I grew up in tobacco country. My great-grandmother, Icey, was a snuff dipper.
My grandparents on both sides of the family refrained from using tobacco products of any kind. My mother admitted she smoked a little corn silk and “rabbit tobacco” when she was a girl. On the other hand, my father enjoyed a good chew now and then. It was not unusual for my father, as he walked down the hallway of a tobacco barn, to reach up and grab a “tip” leaf, blow the dust off, roll it up and stuff it inside his jaw. When he did buy chewing tobacco, he preferred Red Man.
My experience with using tobacco products is rather limited. When I was 10 or 11, I smoked a big cigar one time right after eating two big bologna sandwiches. It made me sick as a dog. I pretty much laid off cigars after that.
Will Herod Brim, my maternal grandfather, died Nov. 12, 1963. My grandmother, Lena, moved out of Brim Hollow later that winter. The following summer, four of my best buddies and I camped out in the Brim Hollow. I say we camped out. We actually held up in a house long abandoned in the head of the hollow. The house was big…and spooky after dark. One night, we had to halt telling ghost storied because one of my buddies got scared.
I was 13 years old in summer 1964. My buddies and I were well prepared when we entered Brim Hollow that summer. We had packed extra clothes, sleeping bags, cooking utensils, a four-day supply of food and cigarettes…lots of cigarettes. And we had matches, too. Not just any matches. We had two big boxes of those Strike Anywhere matches.
We smoked to our heart’s content for the first two days. I say we smoked. We actually puffed. We were too young and green to tolerate inhaling cigarette smoke. Whenever I did accidentally suck smoke into my lungs, it made me feel sick.
The first two days of camping were uneventful except for two happenings. My mother had packed supplies for cooking purposes in baby food jars. There was sugar, salt, pepper, Trend dishwashing powder, etc. The first morning, upon tasting my attempt at scrambled eggs, one of my buddies cried out, “Oow, these eggs are awful.” He had seasoned his eggs with dishwashing powder instead of salt.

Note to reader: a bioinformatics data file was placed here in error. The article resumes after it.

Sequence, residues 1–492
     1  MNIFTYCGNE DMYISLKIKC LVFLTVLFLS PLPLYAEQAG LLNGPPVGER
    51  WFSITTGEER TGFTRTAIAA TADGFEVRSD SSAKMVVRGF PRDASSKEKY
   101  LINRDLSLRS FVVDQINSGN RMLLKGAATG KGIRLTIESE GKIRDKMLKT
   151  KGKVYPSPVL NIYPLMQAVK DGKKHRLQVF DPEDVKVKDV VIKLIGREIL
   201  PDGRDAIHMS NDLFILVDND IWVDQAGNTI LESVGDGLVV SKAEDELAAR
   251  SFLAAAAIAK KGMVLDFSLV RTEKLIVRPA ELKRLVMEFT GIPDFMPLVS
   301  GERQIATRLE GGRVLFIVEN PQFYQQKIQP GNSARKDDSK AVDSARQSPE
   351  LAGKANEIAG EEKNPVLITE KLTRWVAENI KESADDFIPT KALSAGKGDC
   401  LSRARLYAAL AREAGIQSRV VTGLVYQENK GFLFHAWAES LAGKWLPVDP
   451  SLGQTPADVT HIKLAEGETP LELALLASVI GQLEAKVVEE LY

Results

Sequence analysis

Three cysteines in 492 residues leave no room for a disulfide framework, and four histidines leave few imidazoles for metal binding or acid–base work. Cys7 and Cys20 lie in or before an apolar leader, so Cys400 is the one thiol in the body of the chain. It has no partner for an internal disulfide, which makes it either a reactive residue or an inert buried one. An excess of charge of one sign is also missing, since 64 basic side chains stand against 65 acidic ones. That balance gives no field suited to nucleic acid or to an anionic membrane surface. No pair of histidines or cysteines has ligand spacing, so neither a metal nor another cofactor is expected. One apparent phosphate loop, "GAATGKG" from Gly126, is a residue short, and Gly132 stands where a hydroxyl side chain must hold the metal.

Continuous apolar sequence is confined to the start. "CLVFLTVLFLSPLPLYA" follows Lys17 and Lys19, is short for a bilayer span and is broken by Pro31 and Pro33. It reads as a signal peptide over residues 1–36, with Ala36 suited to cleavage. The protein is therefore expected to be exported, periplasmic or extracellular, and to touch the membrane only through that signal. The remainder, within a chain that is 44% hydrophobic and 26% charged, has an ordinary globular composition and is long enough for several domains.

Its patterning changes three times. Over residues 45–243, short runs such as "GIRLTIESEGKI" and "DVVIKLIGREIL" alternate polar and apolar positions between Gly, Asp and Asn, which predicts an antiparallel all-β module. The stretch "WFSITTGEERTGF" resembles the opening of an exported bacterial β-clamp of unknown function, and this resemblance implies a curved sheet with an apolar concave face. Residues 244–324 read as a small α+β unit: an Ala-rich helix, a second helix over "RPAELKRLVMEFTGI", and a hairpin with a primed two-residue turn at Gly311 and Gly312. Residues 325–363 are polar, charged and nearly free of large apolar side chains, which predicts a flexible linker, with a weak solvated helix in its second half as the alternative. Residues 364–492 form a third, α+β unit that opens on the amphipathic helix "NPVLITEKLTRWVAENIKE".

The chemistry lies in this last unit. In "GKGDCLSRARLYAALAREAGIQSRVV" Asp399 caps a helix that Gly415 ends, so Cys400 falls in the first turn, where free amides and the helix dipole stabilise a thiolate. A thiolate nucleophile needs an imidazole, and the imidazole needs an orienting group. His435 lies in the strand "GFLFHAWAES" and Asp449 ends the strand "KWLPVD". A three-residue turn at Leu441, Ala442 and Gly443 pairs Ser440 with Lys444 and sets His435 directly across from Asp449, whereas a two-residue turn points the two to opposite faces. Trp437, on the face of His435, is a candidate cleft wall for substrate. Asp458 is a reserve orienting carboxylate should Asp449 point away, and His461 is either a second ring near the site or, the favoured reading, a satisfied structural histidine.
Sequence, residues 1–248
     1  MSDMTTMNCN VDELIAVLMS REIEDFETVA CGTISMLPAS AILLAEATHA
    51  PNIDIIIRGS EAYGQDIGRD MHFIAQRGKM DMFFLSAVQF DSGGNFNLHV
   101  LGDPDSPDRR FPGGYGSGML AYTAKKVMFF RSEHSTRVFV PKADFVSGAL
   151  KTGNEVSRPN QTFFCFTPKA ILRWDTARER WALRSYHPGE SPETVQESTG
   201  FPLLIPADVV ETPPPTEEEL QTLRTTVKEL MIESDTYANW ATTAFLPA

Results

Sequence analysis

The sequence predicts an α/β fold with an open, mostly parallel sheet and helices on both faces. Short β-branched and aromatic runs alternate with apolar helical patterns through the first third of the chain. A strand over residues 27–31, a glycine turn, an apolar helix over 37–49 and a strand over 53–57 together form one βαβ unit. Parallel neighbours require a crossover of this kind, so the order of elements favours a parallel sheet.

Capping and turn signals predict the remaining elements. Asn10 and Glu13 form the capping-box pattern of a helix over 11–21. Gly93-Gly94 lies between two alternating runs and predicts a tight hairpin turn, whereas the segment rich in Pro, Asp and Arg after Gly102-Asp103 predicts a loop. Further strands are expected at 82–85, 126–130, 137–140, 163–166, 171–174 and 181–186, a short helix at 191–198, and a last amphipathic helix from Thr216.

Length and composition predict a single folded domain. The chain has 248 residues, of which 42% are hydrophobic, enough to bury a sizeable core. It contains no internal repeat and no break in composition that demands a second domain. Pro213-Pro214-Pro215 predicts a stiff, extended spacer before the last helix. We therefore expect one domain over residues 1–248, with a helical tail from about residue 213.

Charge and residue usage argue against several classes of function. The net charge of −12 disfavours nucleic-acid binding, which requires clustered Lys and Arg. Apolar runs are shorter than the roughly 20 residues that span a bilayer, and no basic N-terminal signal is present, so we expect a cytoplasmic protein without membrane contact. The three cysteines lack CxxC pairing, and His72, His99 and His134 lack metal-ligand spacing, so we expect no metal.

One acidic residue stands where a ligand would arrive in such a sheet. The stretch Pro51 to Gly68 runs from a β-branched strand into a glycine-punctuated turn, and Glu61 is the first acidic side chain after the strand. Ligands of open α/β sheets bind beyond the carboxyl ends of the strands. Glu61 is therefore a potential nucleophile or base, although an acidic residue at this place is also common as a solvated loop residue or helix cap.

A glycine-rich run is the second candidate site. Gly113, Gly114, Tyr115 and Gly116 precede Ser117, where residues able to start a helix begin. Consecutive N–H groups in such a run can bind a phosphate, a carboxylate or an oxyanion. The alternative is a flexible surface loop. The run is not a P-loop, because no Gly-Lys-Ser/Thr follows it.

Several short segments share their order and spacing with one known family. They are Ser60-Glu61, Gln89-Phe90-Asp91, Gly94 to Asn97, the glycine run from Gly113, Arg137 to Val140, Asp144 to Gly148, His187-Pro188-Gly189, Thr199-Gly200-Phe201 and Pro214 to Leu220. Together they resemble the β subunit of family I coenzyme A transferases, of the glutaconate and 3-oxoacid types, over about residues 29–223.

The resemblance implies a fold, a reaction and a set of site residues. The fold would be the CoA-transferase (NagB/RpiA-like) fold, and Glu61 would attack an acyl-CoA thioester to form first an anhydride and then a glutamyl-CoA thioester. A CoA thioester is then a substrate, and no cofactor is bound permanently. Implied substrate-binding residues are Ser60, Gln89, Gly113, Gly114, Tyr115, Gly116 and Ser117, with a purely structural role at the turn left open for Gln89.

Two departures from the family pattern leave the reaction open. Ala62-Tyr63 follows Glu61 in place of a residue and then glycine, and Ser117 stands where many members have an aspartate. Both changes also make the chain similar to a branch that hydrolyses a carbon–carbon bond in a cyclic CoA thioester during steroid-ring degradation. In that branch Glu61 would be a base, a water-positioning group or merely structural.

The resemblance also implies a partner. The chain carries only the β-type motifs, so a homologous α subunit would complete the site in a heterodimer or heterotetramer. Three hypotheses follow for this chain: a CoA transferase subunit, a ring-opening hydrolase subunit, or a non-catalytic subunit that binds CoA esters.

The other happening was more serious. We ran out of cigarettes. This called for some serious discussion. We decided to walk the two miles to downtown Riddleton and attempt to buy more.
I’m sure it was quite a sight when all five of us, just barely teenagers, strolled into that country store that morning. If we had had the slightest bit of cool, we would have requested a carton of cigarettes under the guise of making a purchase for one of our parents. But oh no, smoking different brands was half the thrill.
The proprietor, whose name will go unmentioned, had the slightest hint of a smile come across his face as we began to rattle off brands. One of my buddies had the nerve to ask one of the others, “What kind did you father say he wanted?” The proprietor turned his head to one side to keep from laughing. He had us dead to rites. But, surprisingly, he went along with our charade.
We left the store that day with a pack of Marlboro, a pack of Winston, a pack of L&M’s, two packs of Kool, a pack of Salem, a pack of Newport, and one pack of Sir Walter Raleigh.
I suppose we got smoking out our system that summer. To this day, none of the five of us are cigarette smokers.
But I will say this. You won’t catch me running for political office or accepting a nomination for a judgeship, because somebody will go back 54 years and accuse me of illegally buying cigarettes. I bet they would have a hard time finding witnesses.
Jack McCall is an author and also writes a weekly column for The Democrat.